The overall context of the message was well crafted and at the same time a bit of a head-scratcher. They opened with poking fun at themselves, stating the plan they believe in, being brutally honest about the present likelihood of success and describing the team and then ending it with an air of confidence before one more bout of humor. The letter was very well laid out and symmetric in its approach. But it was confusing how they could go 518 words of an organizational state of the union address with only mentioning the best player on the team as “one of the best outlet passers in the game.”

This was really the only weird/off-putting thing I took from the letter. Kevin Love is/should be the face of this franchise. I think you can actually sell tickets with him. He just became a cult hero of the basketball-following world during the FIBA World Championships and he gets a slight blurb. He’s by far the best player on the team and yet gets less praise attributed to him than the adolescent years of Michael Beasley received. Maybe I’m just nitpicking this point but I found it to be really odd and disheartening.

Other than that, the Wolves are telling the NBA world and more importantly Wolves fans to take a look into the glass house before they throw stones at it. They’re being fairly open and honest about their feeling of where the franchise is headed. And they’re even able to poke fun at themselves while doing it in a clever way to push tickets.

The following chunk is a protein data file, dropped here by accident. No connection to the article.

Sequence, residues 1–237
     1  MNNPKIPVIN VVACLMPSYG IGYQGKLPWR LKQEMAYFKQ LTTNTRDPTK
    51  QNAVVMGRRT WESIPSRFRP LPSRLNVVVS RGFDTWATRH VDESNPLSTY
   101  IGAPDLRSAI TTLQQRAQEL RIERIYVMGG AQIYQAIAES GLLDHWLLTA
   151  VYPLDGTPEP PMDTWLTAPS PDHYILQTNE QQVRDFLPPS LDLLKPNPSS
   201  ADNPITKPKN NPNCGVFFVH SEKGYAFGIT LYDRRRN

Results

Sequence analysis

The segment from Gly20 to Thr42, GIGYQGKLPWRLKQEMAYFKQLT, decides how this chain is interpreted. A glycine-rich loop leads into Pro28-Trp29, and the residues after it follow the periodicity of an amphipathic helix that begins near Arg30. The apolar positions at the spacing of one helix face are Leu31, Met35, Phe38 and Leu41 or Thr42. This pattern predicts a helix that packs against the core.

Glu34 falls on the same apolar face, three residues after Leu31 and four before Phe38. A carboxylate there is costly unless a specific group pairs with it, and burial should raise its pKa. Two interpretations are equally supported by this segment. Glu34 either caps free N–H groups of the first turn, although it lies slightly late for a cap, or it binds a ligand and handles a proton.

“Enough talk. It’s time to play.

Oh, wait. We forgot to talk about Rubio.

Next time. “
Way to go out on a high note.

Photo by NASA Goddard Photo and Video

ESPN’s panel of experts has been speaking for nearly two weeks now. So far, they think the Heat will win lots of basketball games, that Amare Stoudemire will be a disappointment and that Lebron James will be good. Nothing all that controversial there. Today, though, the panel pronounced that our Timberwolves would be the most tumultuous team in the NBA this year. The Pups narrowly beat out the Cavs and Hornets but still, I thought, our honor needed some defending. So over at the ESPN NBA page, I did just that. Here’s the nuts and bolts of the thing. As you can see, they caught me on an optimistic day:

I realize it seems questionable to brazenly flout the “best player available” maxim by drafting Wesley Johnson over DeMarcus Cousins, and then immediately duplicating Johnson’s skill set by trading the 16th pick for Martell Webster.

It’s strange to trade Al Jefferson, the team’s best player over the past three seasons, for two draft picks, and then bring in Michael Beasley to replace him as your go-to scorer. And even stranger to sign two Serbian centers for a grand total of $34 million over the next four seasons, especially when one of them is named Darko Milicic.